There are still boundaries within the Asian American community.  By dating people with different Asian ethnicities, we can bridge more of the gaps.  In terms of white/Asian couples, they aren't going to stop anytime soon and people should spend less time worrying about the numbers.      

First, thank you for being brave in asking the question. My homepage is for a site that is dedicated to the continuation of Asian Men with Black Women. Please visit and if asked, Sheree Monay sent you.

Second, M, your response is perfect! I don't know why it's expected of someone to explain their choice when it's completely personal. You are right on the money in stating you didn't pick a white guy over an asian one; you fell in love with a guy who happened to be white. I'm all for it.

My first boyfriend was second generation Korean and we were in Cali; I fell hard for him. We were together for 3-4 weeks before he told me he could never take me to his neighborhood. I asked why; he states he couldn't let anyone see he was with a black woman as his parents may flip. Needless to say, my heart sank and a week later, I called it off. There just wasn't a point to it anymore. I still date Asian men; one experience won't change my view point. I've gotten alot of responses to take away virginity's (which is very cute!) and some who are interested in black women but dont know how to approach them. I tell them the same thing over and over: smile, be confident and say what you want. NEVER use the word exotic and dont' assume we all like hip hop or know about the latest tyler perry movie. Just like I won't assume you know jujitsu, speak ____ fluently or live with all 47 of your closest family members. I will assume you can cook since that's what we BOTH know how to do considering the bulk of our upbringing reside's in the kitchen (You with acutal food, US with getting our hair done & then food!).

I'm so glad to have stumbled upon your clever site and will be directing the members of BWAMU (the name of the site to my homepage) to visit here and hope you visit (and join!) us soon!

God Bless!

Sheree Monay

Sheree, I find it a little problematic that in one sentence you're militating against stereotypes:

NEVER use the word exotic and dont' assume we all like hip hop or know about the latest tyler perry movie. Just like I won't assume you know jujitsu, speak ____ fluently or live with all 47 of your closest family members.

and in the next, you're spouting stereotypes:

I will assume you can cook since that's what we BOTH know how to do considering the bulk of our upbringing reside's in the kitchen (You with acutal food, US with getting our hair done & then food!

I'm also uncomfortable with a website that actively promotes a specific racial pairing. There's a big difference between on the one hand creating a community of black female/Asian male couples that already exist, and on the other actively trying to pair up black women with Asian men. The former is good community-building. The latter is social engineering. Actively trying to create certain racial formulae is problematic whether you're trying to mix up the world, or trying to keep the world racially "pure."

And you also hit one of my pet peeves: no one just "happens to be white." No one "happens" to be anything. People are what they are because their parents chose to have them, to keep them, to give them up for adoption, whatever. People are of the culture they spring from because their families chose to raise them that way. If you walk into a Walmart and are the millionth customer, that "just happened." If you plan your beach wedding months in advance and it rains the day of, that "just happened." But it takes a white, black, Asian, or mixed village 9 months to create, and 18 years to raise a child; no person "just happens."

Likewise, no one just happens to fall in love. Relationships are chosen, partners are chosen. It may not feel like a choice, but it is a psychological, emotional choice, often made at a very deep, subconscious level. You and M are right that no one has the right to demand an accounting of your relationship from you. But if you choose to engage in a debate about outmarriage (as you both have done) then you can't complain about people wanting to examine this choice that people make.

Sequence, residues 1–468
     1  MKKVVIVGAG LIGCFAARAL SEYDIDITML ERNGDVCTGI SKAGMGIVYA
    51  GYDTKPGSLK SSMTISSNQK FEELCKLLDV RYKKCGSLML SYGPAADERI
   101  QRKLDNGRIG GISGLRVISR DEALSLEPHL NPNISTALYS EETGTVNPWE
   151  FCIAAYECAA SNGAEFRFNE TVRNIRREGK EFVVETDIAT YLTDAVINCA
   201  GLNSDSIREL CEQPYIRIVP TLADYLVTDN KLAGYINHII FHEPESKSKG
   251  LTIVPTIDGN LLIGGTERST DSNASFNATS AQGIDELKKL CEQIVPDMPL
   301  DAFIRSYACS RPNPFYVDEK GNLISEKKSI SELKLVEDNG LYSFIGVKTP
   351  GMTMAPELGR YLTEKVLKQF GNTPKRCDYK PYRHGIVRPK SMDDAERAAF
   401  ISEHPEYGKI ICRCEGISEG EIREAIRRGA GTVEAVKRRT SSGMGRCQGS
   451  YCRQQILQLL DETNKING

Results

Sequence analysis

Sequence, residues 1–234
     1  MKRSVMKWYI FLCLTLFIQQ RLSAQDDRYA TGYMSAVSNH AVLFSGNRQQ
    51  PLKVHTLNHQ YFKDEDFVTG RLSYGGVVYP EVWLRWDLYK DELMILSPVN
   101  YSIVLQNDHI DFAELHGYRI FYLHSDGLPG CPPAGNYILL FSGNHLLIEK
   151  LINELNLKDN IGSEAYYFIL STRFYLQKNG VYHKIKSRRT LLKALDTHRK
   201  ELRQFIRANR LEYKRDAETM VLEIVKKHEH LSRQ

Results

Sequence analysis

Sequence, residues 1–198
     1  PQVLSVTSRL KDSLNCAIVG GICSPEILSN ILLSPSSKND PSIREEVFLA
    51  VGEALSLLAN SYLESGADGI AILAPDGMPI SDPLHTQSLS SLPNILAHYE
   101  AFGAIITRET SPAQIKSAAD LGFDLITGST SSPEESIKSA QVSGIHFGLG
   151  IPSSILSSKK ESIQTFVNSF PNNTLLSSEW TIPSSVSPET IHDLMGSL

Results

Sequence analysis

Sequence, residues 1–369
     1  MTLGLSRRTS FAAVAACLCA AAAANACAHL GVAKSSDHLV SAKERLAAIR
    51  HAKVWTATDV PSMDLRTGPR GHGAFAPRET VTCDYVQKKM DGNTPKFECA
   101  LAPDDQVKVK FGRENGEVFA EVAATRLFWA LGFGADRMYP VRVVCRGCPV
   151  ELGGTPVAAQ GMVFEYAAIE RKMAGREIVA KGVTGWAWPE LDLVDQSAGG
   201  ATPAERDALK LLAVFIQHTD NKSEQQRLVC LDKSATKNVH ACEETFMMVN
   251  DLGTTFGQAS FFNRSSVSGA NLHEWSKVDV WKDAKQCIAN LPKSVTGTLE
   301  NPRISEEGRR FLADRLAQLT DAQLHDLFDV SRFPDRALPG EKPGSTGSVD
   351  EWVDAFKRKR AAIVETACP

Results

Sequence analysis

Claire: "You and M are right that no one has the right to demand an accounting of your relationship from you.  But if you choose to engage in a debate about outmarriage (as you both have done) then you can't complain about people wanting to examine this choice that people make."

First, speaking about my own marriage is not "engaging in a debate" about interracial marrigae.  There's no debate here; there's no right/wrong or any other position to take on it.  I don't deny that many things you listed in your original post sadly still exist--exoticization; stereotyping; trophy mentality.  I'd be happy to debate the causes, consequences, and potential solutions to any of those issues, but I got into this conversation because I am tired of my choice of spouse being examined as a curiosity.

Second, I bristle at the term "outmarriage," which places people either in or out of their partner's race--a bad false choice that seems to come from the view that marrying someone of your own race is the normal, natural thing to do, and anything that deviates must be "examined."  (I'm sure gay couples across America would LOVE for us to stop "examining" their "choice," too.)  I imagine that if anyone said my husband married outside the White race, we would all be up in arms about the smack of racist archaic notions of miscegenation--aren't we just falling into that same discourse with the term "outmarriage?"  Another thought: Had I married a Chinese man, whose culture and language and upbringing differed vastly from mine, shouldn't that be considered more of an "outmarriage?"  Sadly, people would probably have looked at that couple and seen "normal."

The fact that we talk so much about interracial marriage points to our own discomfort and how bound we are to racial categories and the lie that race = culture.  Some people still look at me and just need to say the two Mandarin words they know, or think it's ok to ask me, "where are you from--no really, where are you from?"  They look at me and don't see an American.  They see my face and don't see an American.  They look at me and my husband and don't see two Americans with strikingly similar backgrounds, families, languages, and cultures.  I chose to marry someone I have all these things in common with, and I chose to ignore the one superficial and artificial difference between us.